A recent survey from Channel 4 highlighted that a total of 51% of Black, Asian and other minority ethnic people feel that UK television advertising does not represent different cultures.
In response to the recent resurgence of the black lives matter movement there was a stark increase in black and brown representation in the summer months of 2020 into the winter months.
But how did the UK feel about this ‘change of pace.’
The Gravy Song was the title of Sainsburys’ 2020 Christmas advert which saw a montage of joyful Christmas memories shared by a black family.
It was the start of a group of advertisements featuring black and black mixed-race performers enticing consumers in the lead up to Christmas.
It was also the start of a world of controversy.
‘Not so racist’ Britain finally was owning up to and (in some cases) celebrating their bias.
Some comments even described the advert as ‘absolutely sickening’.
Others chose to tell Sainsburys exactly what they would have preferred to see by writing comments online like, ‘I’m dreaming of a white Christmas’ and ‘good advert; looking forward to seeing the UK version.’
Many other white consumers also were quick to point out how adamant they were that Black Britishness could not exist.
It perpetuated the view that Britishness can be owned and is only determined by your skin tone.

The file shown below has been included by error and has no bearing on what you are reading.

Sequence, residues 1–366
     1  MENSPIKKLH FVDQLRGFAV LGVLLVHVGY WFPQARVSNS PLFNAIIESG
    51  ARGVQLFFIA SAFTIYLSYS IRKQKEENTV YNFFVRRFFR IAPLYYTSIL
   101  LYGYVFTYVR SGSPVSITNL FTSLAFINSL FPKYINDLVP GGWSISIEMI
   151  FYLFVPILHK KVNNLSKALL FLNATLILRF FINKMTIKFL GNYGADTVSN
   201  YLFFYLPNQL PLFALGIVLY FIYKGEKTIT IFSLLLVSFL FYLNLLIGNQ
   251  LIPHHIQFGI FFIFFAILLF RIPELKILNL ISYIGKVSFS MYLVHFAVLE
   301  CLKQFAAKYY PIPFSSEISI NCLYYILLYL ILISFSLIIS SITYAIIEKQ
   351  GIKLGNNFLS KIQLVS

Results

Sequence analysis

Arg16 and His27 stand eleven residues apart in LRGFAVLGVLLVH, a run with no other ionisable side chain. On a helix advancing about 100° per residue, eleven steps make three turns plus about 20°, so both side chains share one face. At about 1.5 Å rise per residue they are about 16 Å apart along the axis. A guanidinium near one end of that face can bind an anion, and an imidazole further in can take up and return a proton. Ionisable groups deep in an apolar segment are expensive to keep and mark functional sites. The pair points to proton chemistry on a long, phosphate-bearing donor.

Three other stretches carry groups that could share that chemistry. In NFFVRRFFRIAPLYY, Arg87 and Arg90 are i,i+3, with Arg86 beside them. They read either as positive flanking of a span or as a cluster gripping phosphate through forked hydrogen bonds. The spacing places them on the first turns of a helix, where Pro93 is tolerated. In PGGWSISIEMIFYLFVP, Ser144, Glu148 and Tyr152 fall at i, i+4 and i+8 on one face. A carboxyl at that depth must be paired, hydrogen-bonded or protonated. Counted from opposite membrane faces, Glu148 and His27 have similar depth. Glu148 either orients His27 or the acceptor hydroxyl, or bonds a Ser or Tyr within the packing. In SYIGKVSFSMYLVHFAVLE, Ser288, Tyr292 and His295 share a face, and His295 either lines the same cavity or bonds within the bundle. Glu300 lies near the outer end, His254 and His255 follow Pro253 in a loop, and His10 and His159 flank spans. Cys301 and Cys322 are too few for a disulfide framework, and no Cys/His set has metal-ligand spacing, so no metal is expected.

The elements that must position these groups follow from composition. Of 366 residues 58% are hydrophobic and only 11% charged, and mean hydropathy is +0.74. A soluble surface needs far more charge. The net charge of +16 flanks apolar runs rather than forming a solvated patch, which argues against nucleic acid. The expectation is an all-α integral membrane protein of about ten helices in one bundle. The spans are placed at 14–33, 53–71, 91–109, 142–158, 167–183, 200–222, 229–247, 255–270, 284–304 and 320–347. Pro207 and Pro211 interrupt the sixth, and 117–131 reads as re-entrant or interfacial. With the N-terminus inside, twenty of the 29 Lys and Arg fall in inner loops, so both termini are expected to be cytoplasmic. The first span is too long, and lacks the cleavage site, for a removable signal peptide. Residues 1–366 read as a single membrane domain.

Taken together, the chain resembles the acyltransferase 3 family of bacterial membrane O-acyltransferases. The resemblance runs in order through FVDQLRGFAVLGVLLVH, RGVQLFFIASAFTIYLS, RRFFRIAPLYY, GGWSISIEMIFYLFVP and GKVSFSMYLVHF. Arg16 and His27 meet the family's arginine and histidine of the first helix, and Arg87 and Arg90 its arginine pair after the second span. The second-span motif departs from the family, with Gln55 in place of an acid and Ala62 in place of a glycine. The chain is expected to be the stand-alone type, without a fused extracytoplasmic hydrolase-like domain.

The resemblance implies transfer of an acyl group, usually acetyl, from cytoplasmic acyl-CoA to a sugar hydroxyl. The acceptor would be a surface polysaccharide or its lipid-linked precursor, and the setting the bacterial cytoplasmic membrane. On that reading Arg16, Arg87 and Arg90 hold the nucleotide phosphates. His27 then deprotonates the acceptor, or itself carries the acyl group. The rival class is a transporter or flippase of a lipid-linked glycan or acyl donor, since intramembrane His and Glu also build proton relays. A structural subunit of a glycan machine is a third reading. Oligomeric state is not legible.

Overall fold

The advert was met with such huge backlash that Sainsburys issued a statement defending their choices.
The fury at hints of rising representation continued with a flurry of comments about one episode of Loose Women with an all-black panel. When being rumoured to replace existing white presenters, TV presenter Alison Hammond also faced racial abuse online with comments like “Token Black. Disgusting. Hire on merit and capabilities.”
Some white people were not just upset at the rise in representation but also by the messages famous black people now wanted to present, Black Lives Matter.
When Britain’s Got Talent winners, Diversity dedicated a performance to the movement the Black Lives Matter movement and judge, Alesha Dixon chose to wear a necklace with a BLM pendant – OFCOM, received a whopping 24,500 complaints (highest on record this decade).
The outrage these adverts, appearances and performances ignited, made one thing abundantly clear.
The UK is still an incredibly racist country and it can no longer be disputed.
The hangover of colonialism still means the United Kingdom is upheld by white supremacist system and still has a heck of alot more work to do.
Denial is well and truly over.